Seven people are reported to have been killed and more than 100 were injured in clashes between Thai troops and anti-government protesters in Bangkok, emergency services there reported.

Troops are attempting to seal off protestors' encampment after an assassination attempt on a renegade general unleashed a new wave of violence.

They fired tear gas, rubber bullets and live rounds on protestors in at least three roads surrounding the central Bangkok shopping district they have occupied for nearly six weeks, a Reuters witness said.

A Bangkok-based Canadian journalist working for France 24 television station was among the wounded, the station said. Two Thai journalists were also shot.

The army said it did not plan a crackdown on the main protest site where thousands of the red-shirted demonstrators, including women and children, have gathered, protected by medieval-like walls made from tyres and wooden staves soaked in kerosene and topped by razor wire.

Thailand’s fugitive ex-premier Thaksin Shinawatra called on the government to pull back troops and restart negotiations with his ‘Red Shirt’ supporters.

‘The government's actions clearly constitute grave infringement of human rights and criminal offences for which the prime minister, the deputy prime minister and all concerned must be responsible,’ Thaksin said in a statement released by his legal adviser in Bangkok.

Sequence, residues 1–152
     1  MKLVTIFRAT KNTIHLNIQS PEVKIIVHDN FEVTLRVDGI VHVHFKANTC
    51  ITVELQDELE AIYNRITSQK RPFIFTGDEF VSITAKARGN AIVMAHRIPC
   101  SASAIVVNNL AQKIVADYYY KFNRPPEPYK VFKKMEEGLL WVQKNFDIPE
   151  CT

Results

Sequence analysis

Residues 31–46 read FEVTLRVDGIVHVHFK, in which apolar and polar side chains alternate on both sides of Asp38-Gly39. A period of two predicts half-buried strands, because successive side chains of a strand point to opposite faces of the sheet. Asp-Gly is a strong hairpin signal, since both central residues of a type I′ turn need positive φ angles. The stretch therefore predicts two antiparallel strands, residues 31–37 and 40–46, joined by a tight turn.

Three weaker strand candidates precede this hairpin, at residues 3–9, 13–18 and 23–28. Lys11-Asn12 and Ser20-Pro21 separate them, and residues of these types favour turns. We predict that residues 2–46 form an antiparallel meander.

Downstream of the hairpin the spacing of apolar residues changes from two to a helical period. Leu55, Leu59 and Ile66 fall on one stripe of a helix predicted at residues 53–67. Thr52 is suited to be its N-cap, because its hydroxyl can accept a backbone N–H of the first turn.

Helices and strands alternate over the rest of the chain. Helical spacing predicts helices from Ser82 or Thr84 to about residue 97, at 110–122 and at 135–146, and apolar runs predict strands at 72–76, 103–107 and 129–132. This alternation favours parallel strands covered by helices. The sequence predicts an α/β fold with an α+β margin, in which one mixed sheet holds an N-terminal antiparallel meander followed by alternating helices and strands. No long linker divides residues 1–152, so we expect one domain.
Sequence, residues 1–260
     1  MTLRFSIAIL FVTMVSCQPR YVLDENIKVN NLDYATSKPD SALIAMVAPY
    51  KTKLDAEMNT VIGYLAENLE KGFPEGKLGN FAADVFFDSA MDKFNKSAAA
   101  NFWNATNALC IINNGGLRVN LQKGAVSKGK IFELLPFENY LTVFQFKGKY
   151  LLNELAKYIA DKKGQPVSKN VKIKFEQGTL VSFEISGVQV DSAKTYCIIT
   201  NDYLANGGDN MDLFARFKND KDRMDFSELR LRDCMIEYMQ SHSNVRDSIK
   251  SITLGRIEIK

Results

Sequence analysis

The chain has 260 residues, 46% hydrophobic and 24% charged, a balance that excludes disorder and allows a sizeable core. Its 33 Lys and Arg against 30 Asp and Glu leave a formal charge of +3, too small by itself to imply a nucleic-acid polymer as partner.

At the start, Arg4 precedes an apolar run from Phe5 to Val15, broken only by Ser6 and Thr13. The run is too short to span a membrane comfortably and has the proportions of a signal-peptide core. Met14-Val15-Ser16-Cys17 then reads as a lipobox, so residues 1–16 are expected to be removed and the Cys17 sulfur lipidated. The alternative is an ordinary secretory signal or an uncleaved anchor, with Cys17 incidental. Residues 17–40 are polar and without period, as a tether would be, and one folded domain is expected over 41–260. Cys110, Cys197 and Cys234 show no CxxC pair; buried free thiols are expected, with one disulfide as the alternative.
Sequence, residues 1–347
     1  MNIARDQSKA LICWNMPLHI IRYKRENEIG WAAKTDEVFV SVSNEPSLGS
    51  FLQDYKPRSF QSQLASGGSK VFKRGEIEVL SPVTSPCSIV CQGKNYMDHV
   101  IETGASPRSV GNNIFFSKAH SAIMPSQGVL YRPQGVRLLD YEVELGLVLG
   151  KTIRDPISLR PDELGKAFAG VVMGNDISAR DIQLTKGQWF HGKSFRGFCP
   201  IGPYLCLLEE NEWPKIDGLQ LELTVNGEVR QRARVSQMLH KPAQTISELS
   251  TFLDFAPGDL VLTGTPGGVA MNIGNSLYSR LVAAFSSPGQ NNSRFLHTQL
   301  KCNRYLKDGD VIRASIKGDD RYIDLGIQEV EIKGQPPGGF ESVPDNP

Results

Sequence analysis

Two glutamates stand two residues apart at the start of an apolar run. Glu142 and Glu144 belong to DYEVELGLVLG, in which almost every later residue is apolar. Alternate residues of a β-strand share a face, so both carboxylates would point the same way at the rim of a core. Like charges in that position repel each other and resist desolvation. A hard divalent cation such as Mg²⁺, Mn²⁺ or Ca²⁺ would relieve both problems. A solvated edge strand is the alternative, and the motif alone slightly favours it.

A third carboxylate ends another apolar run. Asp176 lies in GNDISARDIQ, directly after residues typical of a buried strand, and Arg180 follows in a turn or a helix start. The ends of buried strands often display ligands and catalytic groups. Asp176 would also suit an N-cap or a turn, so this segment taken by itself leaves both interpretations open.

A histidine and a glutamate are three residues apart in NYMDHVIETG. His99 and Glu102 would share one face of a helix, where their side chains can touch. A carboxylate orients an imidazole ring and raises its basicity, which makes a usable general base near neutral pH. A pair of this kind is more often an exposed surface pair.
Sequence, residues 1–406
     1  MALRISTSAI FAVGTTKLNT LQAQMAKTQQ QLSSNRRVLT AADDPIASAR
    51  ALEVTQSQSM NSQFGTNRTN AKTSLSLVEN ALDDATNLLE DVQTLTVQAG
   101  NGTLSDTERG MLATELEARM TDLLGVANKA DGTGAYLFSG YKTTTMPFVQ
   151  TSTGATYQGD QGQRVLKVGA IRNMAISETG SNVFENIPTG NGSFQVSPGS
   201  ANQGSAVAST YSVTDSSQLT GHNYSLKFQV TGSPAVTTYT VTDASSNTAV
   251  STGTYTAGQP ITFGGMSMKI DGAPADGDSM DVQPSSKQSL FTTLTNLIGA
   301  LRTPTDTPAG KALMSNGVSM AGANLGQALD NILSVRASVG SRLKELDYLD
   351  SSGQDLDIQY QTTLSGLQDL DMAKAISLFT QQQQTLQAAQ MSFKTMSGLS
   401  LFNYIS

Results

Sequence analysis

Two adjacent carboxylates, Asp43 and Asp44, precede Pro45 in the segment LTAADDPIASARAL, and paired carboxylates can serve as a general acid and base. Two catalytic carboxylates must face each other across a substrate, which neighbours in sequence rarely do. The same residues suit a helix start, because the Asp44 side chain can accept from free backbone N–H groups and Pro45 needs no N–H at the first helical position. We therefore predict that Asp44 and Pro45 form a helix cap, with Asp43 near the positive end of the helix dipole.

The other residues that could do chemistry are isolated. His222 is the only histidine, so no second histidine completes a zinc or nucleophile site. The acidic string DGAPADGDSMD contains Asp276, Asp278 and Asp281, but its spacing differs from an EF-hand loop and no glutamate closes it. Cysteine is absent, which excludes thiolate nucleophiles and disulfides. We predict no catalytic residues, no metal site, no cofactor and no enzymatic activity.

He urged Prime Minister Abhisit Vejjajiva to order troops back to their barracks, revoke the state of emergency in place in parts of the country and immediately reopen talks with protesters to reach a peaceful solution.

‘I believe that (a) political solution still exists for Thailand and the prime minister is able to prevent more casualties and save our country,’ he said.

Thaksin was ousted in a bloodless military coup in 2006 and lives in self-imposed exile, mainly in Dubai, to avoid a jail term for corruption. Many Red Shirts seek the return of the former premier.

Abhisit’s government has accused Thaksin of inciting unrest in the capital from overseas.